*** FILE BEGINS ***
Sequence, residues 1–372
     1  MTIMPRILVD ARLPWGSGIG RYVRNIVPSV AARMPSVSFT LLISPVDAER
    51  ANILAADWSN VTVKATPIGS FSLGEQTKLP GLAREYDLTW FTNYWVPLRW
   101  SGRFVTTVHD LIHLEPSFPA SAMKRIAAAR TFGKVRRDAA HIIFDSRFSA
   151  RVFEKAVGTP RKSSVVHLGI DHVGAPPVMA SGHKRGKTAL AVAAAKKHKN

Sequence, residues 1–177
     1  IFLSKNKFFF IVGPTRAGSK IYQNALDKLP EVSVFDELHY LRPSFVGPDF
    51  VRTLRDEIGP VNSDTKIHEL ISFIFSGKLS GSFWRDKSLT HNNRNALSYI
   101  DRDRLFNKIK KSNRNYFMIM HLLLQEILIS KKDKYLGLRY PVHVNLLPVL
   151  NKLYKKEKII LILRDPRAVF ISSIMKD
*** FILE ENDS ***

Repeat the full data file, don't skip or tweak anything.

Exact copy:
Sequence, residues 1–372
     1  MTIMPRILVD ARLPWGSGIG RYVRNIVPSV AARMPSVSFT LLISPVDAER
    51  ANILAADWSN VTVKATPIGS FSLGEQTKLP GLAREYDLTW FTNYWVPLRW
   101  SGRFVTTVHD LIHLEPSFPA SAMKRIAAAR TFGKVRRDAA HIIFDSRFSA
   151  RVFEKAVGTP RKSSVVHLGI DHVGAPPVMA SGHKRGKTAL AVAAAKKHKN

Sequence, residues 1–177
     1  IFLSKNKFFF IVGPTRAGSK IYQNALDKLP EVSVFDELHY LRPSFVGPDF
    51  VRTLRDEIGP VNSDTKIHEL ISFIFSGKLS GSFWRDKSLT HNNRNALSYI
   101  DRDRLFNKIK KSNRNYFMIM HLLLQEILIS KKDKYLGLRY PVHVNLLPVL
   151  NKLYKKEKII LILRDPRAVF ISSIMKD